Orphan Black meets Margaret Atwood in this twisty supernatural thriller about female power and the bonds of sisterhood
Josephine Morrow is Girl One, the first of nine “Miracle Babies” conceived without male DNA, raised on an experimental commune known as the Homestead. When a suspicious fire destroys the commune and claims the lives of two of the Homesteaders, the remaining Girls and their Mothers scatter across the United States and lose touch.
Years later, Margaret Morrow goes missing, and Josie sets off on a desperate road trip, tracking down her estranged sisters who seem to hold the keys to her mother’s disappearance. Tracing the clues Margaret left behind, Josie joins forces with the other Girls, facing down those who seek to eradicate their very existence while uncovering secrets about their origins and unlocking devastating abilities they never knew they had.
(From the publisher’s description)
Girl One was one of my most anticipated reads for the first half of the year and I’m sure it wil remain in the top five most memorable ones. Any good science fiction novel has to be a blend of several elements: an interesting scientific concept, a ‘what if…?’ which is plausible and fascinating to discuss, an interesting plot or unusual characters, and a strong message. Girl One has all three of them and definitely deserves your attention.
This is a story of a young woman, Josephine Morrow, looking for her estranged mother Margaret, who disappeared (was kidnapped?) from their home under suspicious circumstances. The search turns into a journey of self-discovery that breaks and re-makes every idea Josie had of her past and present. Josie is number One of the nine babies, miraculously conceived by parthenogenesis (self-conception, ‘virgin birth’) in the Homestead, a commune of like-minded, progressively thinking women and a scientist who helped the project to take off. The commune was destroyed by a ravaging fire, in which two people died- Fiona, the youngest of the nine girls and Dr Bellanger himself. The remaining mothers and their daughters conceived without male DNA scattered all across the country and went on with their lives. Josie finds her mother’s enigmatic notes, hidden in what remains after a similar fire consumed their ordinary flat, and sets outs to find the rest of the girls.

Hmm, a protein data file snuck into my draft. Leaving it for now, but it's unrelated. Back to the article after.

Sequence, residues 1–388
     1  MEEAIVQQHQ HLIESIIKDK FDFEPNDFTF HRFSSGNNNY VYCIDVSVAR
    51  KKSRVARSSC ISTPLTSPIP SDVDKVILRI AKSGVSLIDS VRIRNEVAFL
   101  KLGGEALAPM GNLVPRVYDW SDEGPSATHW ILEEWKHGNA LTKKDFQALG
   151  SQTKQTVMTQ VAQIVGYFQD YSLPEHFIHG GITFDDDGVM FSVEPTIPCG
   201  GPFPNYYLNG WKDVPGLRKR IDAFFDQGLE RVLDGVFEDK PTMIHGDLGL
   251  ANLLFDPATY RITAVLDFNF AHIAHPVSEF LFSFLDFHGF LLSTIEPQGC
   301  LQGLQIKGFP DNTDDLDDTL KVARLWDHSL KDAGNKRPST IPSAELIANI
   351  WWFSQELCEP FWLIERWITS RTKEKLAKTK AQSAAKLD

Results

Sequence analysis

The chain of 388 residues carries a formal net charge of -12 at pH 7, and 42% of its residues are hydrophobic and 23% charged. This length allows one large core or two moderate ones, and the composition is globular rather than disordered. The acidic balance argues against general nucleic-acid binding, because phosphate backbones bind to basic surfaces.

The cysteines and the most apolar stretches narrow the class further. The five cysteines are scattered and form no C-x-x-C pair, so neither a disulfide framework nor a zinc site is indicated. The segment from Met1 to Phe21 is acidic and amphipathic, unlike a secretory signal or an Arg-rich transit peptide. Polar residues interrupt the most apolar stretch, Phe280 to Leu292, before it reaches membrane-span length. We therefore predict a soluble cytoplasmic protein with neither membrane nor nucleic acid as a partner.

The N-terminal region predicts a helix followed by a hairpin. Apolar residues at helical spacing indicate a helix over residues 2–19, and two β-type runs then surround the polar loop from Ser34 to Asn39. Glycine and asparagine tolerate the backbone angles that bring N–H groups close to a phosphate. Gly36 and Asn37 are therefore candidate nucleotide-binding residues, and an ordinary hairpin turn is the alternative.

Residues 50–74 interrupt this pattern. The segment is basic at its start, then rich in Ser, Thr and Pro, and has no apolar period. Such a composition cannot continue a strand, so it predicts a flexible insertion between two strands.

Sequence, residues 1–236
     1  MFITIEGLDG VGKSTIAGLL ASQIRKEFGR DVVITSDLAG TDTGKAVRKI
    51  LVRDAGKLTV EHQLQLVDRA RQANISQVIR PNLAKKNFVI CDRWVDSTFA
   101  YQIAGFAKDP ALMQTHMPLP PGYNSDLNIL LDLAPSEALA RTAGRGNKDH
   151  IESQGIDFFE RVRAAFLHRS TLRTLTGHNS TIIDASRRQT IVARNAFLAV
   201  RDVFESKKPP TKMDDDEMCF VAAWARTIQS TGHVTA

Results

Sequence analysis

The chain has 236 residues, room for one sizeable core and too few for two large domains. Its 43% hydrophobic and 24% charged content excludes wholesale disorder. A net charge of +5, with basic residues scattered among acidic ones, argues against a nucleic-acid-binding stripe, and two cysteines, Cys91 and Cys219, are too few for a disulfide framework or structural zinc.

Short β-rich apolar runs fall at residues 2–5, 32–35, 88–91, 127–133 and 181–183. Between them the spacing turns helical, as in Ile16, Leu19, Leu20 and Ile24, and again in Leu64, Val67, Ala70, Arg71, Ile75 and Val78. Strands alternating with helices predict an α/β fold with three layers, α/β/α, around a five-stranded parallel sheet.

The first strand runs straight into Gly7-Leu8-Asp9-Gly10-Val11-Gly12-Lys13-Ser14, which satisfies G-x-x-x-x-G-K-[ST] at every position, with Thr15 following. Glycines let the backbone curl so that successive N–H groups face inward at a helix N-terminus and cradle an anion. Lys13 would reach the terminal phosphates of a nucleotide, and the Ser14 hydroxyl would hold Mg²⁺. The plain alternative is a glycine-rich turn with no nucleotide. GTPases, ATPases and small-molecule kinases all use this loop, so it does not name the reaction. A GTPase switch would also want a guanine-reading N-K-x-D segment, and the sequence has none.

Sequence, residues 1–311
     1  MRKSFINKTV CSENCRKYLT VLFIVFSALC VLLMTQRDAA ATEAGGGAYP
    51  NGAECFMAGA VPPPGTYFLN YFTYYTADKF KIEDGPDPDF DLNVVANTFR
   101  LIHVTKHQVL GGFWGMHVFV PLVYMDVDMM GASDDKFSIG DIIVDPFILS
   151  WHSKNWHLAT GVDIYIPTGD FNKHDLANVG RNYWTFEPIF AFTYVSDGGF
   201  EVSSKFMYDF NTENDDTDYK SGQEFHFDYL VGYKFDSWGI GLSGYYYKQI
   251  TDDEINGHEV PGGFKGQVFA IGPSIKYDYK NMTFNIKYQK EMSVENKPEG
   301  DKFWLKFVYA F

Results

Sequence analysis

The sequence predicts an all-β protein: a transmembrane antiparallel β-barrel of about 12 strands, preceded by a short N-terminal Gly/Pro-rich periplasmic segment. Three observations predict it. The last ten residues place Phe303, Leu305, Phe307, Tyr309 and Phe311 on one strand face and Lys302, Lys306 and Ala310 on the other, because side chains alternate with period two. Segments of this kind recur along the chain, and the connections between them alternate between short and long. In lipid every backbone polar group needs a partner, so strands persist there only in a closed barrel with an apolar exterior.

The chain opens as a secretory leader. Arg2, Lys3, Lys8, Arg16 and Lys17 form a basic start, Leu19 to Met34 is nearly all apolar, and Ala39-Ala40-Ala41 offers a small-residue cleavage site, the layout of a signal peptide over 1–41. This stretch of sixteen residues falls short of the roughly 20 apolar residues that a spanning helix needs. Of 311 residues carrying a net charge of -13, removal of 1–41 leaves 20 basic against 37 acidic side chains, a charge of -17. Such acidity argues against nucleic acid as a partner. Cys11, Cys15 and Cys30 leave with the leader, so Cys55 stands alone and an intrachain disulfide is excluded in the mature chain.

This is a well-written thriller with a tight plot and multiple twists and turns as there are a lot of things Josie has to discover about her past, the Homestead Project, and the only family she has ever had. Since there were 9 original girls, it does take some time , and some characters contribute less than the others to the development of the story. Then again, there are also some sinister, horror-like scenes that will keep you on the edge of your seat. The writing is really vivid and you can easily see the book turned into a TV show in future.
Josie is a very likeable character. She is strong, she is caring, she is flawed, and this is what makes her so interesting. She discovers and re-discovers the strength and selflessness of her mother-daughter bond and a powerful connection to her ‘sisters’. She grows during this trip, takes responsibility for her own actions and her road companions and works through some complex feelings. The events are told from her point of view and I wonder what kind of effect having multiple POVs would have had on the book.
The thriller side of the book is quite strong, but this gripping journey also comes with thought-provoking social messages- the way the girls come into their own powers, test and learn their ethical boundaries is a perfect metaphor for the relationship our society has with its scientific discoveries and technological progress. There is also something else – we are all different, but there is no need to be afraid of our diversity. We can be free and independent, and enhance each other.
Thank you to NetGalley and the publisher (Farrar, Straus and Giroux) for the review copy provided in exchange for an honest opinion.
Sara Flannery Murphy is the author of the novel The Possessions and Girl One. She grew up in Arkansas, studied library science in British Columbia, and received her MFA in creative writing at Washington University in St. Louis. She lives in Utah with her husband and their two sons.